A Finnish man has convinced Finland's Consumer Disputes Board that Microsoft is responsible for damages caused to his computer after Windows 10 installed without his permission.
Finnish national broadcaster YLE reports that the board recommends Microsoft pay the man €1,100 ($1,260) for damages caused by the unauthorized installation of Windows 10 in March 2016.
Back then, Microsoft was aggressively pushing Windows 10 as a free upgrade, auto-updating Windows 7 and Windows 8.1 machines if Automatic Updates were turned on. Today customers on older versions of Windows must pay for the upgrade.
It angered users across the world, and in 2016 Microsoft paid one US complainant $10,000 to end litigation over the issue. The unexpected upgrades were also the basis of a class-action lawsuit filed in 2017.
Microsoft's German subsidiary that year also voluntarily vowed never to force a new version of Windows onto PCs after being sued by a German regional consumer protection agency over the same issue.
The Finnish complainant, spotted by MSPowerUser, had asked the board for Microsoft to pay €3,000 for the hassles he faced after the unwanted Windows 10 upgrade.
Windows 10 unexpectedly and without permission began installing on the complainant's newish laptop, which was running Windows 8. The man reported his computer "gave an error message that the device should be repaired" after the upgrade failed.
SEE: Windows 10 April 2018 Update: An insider's guide (free PDF)
He claimed to have contacted 15 Microsoft support staff, but the problems couldn't be resolved. He told YLE he spent time and money recovering files and buying spare parts. The upgrade also broke a surveillance camera setup he was using to watch a remote property.
Microsoft didn't deny Windows 10 could have been downloaded without the user's permission, according to the report. It also didn't dispute the link between error and the damage it caused.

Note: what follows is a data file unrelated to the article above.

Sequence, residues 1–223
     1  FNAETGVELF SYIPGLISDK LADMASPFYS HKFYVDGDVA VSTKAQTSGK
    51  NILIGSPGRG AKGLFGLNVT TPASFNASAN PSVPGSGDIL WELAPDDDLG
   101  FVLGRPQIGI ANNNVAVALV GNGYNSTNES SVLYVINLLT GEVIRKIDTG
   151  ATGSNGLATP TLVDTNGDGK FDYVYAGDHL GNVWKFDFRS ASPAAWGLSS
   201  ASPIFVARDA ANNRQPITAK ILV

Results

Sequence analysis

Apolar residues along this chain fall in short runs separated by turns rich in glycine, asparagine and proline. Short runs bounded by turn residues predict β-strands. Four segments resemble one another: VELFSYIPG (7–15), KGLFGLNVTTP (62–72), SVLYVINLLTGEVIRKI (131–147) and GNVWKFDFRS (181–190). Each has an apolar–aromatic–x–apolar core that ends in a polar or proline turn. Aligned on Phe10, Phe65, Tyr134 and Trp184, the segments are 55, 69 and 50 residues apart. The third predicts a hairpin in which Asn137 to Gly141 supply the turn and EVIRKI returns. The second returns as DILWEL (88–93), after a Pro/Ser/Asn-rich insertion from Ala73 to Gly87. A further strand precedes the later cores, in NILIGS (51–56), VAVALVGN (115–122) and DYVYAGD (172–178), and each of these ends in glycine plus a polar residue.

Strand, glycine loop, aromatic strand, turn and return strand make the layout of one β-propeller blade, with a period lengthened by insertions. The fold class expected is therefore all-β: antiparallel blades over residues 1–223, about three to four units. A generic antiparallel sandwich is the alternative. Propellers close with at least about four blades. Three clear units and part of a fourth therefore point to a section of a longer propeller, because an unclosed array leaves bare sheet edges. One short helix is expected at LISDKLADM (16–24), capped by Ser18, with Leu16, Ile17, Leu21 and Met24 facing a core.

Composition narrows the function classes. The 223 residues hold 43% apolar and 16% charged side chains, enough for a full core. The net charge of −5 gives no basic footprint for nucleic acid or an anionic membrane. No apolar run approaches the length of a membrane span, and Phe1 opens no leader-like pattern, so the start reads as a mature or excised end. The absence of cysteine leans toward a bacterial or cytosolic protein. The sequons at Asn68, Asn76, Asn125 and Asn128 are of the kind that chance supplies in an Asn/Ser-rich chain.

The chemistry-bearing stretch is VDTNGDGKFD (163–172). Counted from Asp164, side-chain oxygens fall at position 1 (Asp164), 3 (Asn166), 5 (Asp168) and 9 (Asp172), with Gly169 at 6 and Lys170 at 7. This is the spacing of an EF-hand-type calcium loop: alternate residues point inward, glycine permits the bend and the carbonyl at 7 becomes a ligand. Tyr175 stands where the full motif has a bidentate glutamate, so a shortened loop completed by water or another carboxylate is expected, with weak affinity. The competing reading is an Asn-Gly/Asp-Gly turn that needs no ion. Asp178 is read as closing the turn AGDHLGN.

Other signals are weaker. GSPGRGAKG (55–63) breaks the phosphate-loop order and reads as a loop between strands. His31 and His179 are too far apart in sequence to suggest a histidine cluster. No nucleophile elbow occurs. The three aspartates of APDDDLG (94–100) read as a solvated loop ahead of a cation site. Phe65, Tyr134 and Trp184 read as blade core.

The Consumer Disputes Board considers the software updates in the purchased Windows license to be covered by Finland's Consumer Protection Act, which requires the provider be able to prove the service has been performed correctly.
The decision could see follow-on complaints from other Finnish users who suffered damages as a result of the unwanted upgrade.
Microsoft negotiated a settlement with Finland's Consumer Ombudsman in February last year after it was taken to task over the Get Windows 10 (GQX) application, which Microsoft defined as a "recommended update" that automatically installed on users PCs.
However, the ombudsman considered it a direct marketing tool for Windows 10 that was installed without express consent from consumers.
The ombudsman said its office had received numerous reports about the way Windows 10 was appearing on systems and that some machines were more prone to crashing afterwards.
The dispute board has ruled that Microsoft had no contractual right to install Windows 10 without asking for permission. It is also of the opinion that Microsoft hadn't carried out the service professionally, carefully or in the interest of the subscriber. And since there was a mistake, the board said Microsoft is liable for the damages caused.
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